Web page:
Responses of bird communities inhabiting boreal plain riparian habitats to forestry and fire
Kardynal, Kevin John
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Worldwide, riparian areas are considered among the most biologically productive and species-rich habitats on the landscape and provide important breeding areas for many bird species. In the Boreal Plain ecozone of western Canada, forests adjacent to riparian areas are generally protected from forest harvesting through the retention of treed buffer strips. Riparian buffer strips are expected to provide habitat for wildlife including many passerine bird species. Recently, non-conventional methods of riparian management have been implemented in parts of the Boreal Plain with the intent of aligning forestry more closely with natural disturbance processes. How bird communities associated with these management scenarios diverge from natural disturbances and how riparian birds interact with disturbances in the adjacent upland habitat are key questions in the conservation of boreal riparian bird communities. To answer these questions, I surveyed birds inhabiting riparian areas with adjacent naturally disturbed (burned) and harvested forest to determine how bird communities differ early (1-5 years) post-disturbance and, separately, in a before-and-after harvesting study. Riparian species associated with burned merchantable shoreline forests and riparian areas included Common Yellowthroat (Geothlypis trichas) and Eastern Kingbird (Tyrannus tyrannus). Le Conte’s Sparrow (Ammodramus leconteii) was associated with burned riparian habitats adjacent to non-merchantable forests (e.g., bog, fen), while Alder Flycatcher (Empidonax alnorum) and Wilson’s Warbler (Wilsonia pusilla) were indicative of harvested sites with larger buffers (30 m). Riparian species richness was highest in burned non-merchantable sites. Multivariate Redundancy Analysis of post-disturbance bird communities showed greater divergence in overall (riparian and upland) community composition than one with only riparian species. This suggests reduced sensitivity of riparian birds to disturbances in forested areas compared to upland bird communities. However, a higher natural range of variability was exhibited in riparian bird community composition in post-fire sites than in post-harvested sites. This emphasizes that forest management practices do not currently fully approximate natural disturbance for boreal riparian birds. To assess the response of bird communities in riparian habitats to forestry, I studied bird communities one year (2004) prior to forest harvest and two years (2005 and 2006) after harvest. One of three treatments, 1) 5-35% retention (0 m buffer), 2) 35-75% retention (10 m buffer with variable retention in the next 30 m), 3) 75-100% retention (50 m buffer) and unharvested reference sites, was randomly assigned to 34 wetlands. Treatments were designed to represent buffer management strategies currently applied in the Boreal Plain. Eight of 22 species showed a significant response (p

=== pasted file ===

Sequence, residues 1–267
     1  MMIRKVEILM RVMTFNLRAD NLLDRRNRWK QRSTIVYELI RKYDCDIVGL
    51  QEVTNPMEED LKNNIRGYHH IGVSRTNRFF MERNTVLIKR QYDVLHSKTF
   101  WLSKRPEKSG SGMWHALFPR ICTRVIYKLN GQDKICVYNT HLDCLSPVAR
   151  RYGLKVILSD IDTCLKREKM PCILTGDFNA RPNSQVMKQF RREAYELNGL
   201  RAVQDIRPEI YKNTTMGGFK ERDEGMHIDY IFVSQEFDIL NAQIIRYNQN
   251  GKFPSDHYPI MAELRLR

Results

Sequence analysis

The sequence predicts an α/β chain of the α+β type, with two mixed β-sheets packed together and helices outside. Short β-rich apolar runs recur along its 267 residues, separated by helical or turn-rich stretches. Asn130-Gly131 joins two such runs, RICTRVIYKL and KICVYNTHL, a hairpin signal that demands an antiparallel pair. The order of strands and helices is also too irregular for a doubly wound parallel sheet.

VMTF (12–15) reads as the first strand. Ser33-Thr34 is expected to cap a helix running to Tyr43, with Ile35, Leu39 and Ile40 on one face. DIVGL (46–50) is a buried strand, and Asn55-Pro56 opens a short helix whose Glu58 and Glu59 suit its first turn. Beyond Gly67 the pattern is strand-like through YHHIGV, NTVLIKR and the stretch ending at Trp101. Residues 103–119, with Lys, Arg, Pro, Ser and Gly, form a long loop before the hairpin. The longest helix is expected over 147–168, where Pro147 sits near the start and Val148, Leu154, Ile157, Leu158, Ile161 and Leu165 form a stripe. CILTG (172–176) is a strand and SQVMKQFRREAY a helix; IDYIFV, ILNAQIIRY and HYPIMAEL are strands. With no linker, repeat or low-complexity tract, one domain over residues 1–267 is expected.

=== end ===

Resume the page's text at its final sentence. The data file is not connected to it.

DegreeMaster of Science (M.Sc.)
SupervisorHobson, Keith A.
CommitteeVan Rees, Ken C. J.; Hannon, Susan; Clark, Robert G.; Chilton, Neil B.
Natural Disturbance Paradigm
Natural Range of Variation
riparian management guidelines